Hard Case Crime 9/06: The Guns of Heaven by Pete Hamill (#24)



On a visit to Northern Ireland, newspaper reporter Sam Briscoe meets with a mysterious IRA leader and agrees to deliver an envelope to his supporters in New York City. It’s a decision with grave consequences-not just for Briscoe, but for his 11-year-old daughter as well. Because the bloody Irish conflict is about to come to the streets of New York, and Briscoe is the only man standing in its way…

What an odd book this is.

The main character is Sam Briscoe, a big-shot reporter, Irish Republican Army sympathizer, leftist (although generally not radically so), and deep despiser of religion and religious believers unless that believer is a harmless rube like an Irish housewife with six kids.

The Guns of Heaven opens in Ireland, and its first third is more like an espionage novel than what you would expect from Hard Case Crime, with Briscoe hopping to Sweden and then to New York City. Once Briscoe returns to New York, though, it becomes more typical of the genre, with Briscoe journeying through the American Irish underground and the pubs where that underground congregates, trying to figure out who is crossing who and racing against time to save the lives of the innocent.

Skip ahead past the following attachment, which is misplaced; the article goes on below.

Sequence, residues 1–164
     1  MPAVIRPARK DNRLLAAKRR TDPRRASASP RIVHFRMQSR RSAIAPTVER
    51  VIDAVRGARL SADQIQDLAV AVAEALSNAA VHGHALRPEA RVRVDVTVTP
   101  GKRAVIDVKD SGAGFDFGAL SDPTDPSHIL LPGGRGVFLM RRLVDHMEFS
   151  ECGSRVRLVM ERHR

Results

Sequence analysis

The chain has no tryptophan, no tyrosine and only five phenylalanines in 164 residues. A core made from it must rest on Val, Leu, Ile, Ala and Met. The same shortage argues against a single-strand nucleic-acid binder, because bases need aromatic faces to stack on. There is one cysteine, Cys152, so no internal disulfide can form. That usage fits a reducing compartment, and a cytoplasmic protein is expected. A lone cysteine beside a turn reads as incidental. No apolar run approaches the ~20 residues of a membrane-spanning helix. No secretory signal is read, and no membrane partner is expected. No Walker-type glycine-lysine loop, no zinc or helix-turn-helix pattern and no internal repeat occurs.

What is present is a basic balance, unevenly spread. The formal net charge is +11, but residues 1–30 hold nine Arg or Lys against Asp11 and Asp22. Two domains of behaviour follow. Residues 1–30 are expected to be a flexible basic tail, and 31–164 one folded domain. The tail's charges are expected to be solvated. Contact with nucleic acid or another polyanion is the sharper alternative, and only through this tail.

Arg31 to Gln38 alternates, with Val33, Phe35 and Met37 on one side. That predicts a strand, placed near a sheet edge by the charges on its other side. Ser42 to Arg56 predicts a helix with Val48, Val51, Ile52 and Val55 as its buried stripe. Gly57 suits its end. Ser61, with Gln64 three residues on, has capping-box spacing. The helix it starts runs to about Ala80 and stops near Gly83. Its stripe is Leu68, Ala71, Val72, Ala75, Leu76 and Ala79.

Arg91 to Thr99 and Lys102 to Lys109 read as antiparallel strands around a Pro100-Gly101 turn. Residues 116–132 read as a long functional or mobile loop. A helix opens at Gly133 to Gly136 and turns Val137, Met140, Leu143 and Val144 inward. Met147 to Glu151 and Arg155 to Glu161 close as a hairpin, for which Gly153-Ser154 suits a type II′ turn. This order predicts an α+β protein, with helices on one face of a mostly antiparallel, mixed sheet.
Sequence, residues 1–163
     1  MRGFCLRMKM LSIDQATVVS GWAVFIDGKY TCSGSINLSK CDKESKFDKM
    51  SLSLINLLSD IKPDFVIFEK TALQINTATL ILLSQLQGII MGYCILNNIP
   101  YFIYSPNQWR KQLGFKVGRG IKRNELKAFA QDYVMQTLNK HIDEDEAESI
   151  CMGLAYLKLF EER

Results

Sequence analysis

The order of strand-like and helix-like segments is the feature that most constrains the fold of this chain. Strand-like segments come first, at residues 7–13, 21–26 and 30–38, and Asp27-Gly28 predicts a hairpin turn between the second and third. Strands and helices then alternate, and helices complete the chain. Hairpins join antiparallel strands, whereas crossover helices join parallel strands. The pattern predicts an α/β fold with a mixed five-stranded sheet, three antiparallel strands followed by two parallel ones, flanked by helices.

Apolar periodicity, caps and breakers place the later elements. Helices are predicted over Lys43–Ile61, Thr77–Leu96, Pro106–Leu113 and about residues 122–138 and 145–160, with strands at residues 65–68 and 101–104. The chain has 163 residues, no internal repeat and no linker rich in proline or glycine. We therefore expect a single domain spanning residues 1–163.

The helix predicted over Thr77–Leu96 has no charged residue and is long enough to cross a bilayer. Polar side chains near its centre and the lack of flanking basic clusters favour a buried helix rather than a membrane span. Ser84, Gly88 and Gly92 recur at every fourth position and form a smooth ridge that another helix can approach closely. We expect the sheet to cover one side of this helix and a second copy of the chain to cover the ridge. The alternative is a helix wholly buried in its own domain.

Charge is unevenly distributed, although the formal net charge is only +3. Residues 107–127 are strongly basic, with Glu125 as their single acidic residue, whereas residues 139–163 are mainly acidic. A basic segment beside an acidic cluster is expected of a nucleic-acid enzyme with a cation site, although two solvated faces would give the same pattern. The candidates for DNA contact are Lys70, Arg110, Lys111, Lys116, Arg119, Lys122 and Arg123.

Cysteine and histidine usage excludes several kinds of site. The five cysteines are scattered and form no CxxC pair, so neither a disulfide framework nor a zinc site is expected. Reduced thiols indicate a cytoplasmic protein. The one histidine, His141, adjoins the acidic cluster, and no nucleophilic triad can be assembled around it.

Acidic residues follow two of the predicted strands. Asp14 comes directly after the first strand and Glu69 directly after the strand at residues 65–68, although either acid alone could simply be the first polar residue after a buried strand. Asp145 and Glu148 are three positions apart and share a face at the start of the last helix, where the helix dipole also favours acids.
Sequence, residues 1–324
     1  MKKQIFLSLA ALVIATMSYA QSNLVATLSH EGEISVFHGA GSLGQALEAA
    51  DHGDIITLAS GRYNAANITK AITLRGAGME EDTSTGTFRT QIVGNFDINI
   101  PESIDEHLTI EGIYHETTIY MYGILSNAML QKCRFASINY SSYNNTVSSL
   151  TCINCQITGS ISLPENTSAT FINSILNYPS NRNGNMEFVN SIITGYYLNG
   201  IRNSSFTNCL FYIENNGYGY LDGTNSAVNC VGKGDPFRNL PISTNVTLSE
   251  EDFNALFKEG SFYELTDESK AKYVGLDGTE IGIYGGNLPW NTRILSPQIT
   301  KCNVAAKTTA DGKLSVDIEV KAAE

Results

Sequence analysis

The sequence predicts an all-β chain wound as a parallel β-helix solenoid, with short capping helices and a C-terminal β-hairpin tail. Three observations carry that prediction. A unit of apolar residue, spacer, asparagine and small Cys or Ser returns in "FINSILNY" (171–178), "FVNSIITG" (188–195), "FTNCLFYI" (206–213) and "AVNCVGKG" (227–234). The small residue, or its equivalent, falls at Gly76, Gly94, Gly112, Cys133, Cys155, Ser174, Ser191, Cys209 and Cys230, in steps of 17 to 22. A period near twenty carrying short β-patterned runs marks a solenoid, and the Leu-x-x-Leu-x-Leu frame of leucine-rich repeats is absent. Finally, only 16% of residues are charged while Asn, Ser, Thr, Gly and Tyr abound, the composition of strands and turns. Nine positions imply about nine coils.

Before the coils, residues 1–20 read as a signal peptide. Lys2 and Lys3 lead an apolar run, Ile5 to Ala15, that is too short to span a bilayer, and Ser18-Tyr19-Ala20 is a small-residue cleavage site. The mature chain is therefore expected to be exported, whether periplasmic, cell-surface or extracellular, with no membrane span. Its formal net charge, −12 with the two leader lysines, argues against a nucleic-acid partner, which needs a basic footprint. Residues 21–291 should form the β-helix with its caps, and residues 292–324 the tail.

We don’t get a real sense of who Briscoe is, despite learning a fair amount about his political views and general outlook on life. No offense to you reporters out there, but I don’t often think “reporter” and “tough guy” in the same sentence–where did this guy learn how to kick so much ass? A mention that he was once in the Navy is our only clue. I suspected that this was because this is not the first book about Sam Briscoe and a bit of Googling seems to indicate that I was correct. If so, it’s forgivable–I know how annoying recaps can be to those who have read previous novels in a series.

The book suffers a bit from decisions made and clues missed that are the crime-fiction equivalent of how teens behave in bad slasher movies. I have further criticisms of the book, but voicing them would involve spoilers so I’ll keep them to myself.

I can imagine many readers having serious objections to the novel’s politics and worldview, but if you aren’t one of those or if that sort of thing doesn’t bother you in fiction, you may want to check it out. Despite its deep flaws, it’s well-written and enjoyable on the whole.  The Guns of Heaven shoves big, real-world issues and controversial politics (circa 1983) into a fairly standard crime-fiction template, and that approach in itself is so different from nearly everything out there that’s it’s worth looking into for the curious.